Today’s October non-farm payroll release showed 250,000 jobs added which was above expectations of 200,000 jobs created, although the previous month’s figure was revised down by 16,000 to 118,000 from 134,000. The unemployment rate held at 3.7% and the participation rate rose marginally to 62.9% from 62.7%. But the standout news is the 3.1% yoy surge in average hourly earnings, which is the largest annual jump in pay since 2009 (when it was as high as 3.6% just before slumping to under 2% for most of the next three years). The large rise in wages was in line with forecasts, which had expected October’s figure to beat the previous month’s year-on-year rise of 2.8%.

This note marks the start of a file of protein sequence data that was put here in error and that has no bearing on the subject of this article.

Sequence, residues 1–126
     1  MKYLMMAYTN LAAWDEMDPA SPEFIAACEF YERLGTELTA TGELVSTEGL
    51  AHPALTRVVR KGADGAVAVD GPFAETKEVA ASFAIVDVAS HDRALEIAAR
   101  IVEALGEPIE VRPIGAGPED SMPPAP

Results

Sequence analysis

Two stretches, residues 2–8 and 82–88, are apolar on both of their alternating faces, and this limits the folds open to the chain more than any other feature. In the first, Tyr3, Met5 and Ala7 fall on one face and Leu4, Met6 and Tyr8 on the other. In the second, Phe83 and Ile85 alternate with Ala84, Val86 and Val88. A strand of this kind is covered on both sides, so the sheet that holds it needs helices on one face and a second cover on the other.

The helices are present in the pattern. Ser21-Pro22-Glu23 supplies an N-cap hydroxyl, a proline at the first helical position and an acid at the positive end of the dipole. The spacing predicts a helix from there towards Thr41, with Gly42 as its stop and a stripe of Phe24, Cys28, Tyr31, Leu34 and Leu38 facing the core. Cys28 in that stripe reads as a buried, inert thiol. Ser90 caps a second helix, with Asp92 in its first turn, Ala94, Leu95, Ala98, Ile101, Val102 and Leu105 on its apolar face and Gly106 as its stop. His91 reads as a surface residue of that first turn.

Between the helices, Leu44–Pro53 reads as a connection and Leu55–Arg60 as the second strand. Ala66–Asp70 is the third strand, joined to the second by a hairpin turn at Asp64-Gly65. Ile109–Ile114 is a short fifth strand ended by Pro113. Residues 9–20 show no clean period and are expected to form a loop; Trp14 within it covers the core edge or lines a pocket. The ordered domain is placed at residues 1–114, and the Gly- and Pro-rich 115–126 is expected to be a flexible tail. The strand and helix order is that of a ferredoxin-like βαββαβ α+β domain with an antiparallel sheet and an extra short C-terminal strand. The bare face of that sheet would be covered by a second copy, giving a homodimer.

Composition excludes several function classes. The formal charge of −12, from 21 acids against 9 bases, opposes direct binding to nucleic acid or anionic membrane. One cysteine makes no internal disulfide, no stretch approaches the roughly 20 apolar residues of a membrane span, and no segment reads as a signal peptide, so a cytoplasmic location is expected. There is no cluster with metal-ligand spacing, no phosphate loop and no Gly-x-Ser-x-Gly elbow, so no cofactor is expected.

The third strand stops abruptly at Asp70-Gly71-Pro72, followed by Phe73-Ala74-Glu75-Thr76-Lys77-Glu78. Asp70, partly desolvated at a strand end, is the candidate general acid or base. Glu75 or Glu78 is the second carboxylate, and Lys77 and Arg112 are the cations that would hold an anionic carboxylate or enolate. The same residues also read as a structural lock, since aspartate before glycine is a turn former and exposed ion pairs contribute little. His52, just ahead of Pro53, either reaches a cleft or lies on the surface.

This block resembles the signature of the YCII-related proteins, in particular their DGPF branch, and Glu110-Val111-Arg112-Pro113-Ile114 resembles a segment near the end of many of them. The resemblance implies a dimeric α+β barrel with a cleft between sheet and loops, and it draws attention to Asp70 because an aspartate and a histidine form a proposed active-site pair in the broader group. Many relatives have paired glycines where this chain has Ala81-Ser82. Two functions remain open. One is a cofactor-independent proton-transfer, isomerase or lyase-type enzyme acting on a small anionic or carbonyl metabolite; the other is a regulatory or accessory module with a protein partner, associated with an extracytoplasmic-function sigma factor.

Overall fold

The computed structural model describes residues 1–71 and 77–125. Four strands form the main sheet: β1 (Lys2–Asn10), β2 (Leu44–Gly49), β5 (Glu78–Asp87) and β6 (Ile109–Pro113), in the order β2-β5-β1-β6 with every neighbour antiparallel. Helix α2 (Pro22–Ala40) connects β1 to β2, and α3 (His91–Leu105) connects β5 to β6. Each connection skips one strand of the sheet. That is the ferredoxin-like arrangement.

Latest data from the US Energy Information Administration (EIA) records the US as the world’s top oil producer during August with output rising to 11.346 million barrels a day (mbd) beating Russia at 11.2 mbd and Saudi Arabia at a mere 10.5 mbd.
This is the largest recorded increase in US production since data began in 1920 and some are suggesting that by 2030 US production will be at around 16.5 mbd.
October looks set to become the worst performing month for global equities in over 6 years, and down -8% at present this could be the worst month for the S&P 500 in 8.5 years. Even the market adage, “Nobody ever got fired for buying IBM" looks questionable after the company lost a quarter of its value in October, having only just held its value over the first 3 quarters: vastly underperforming the tech sector.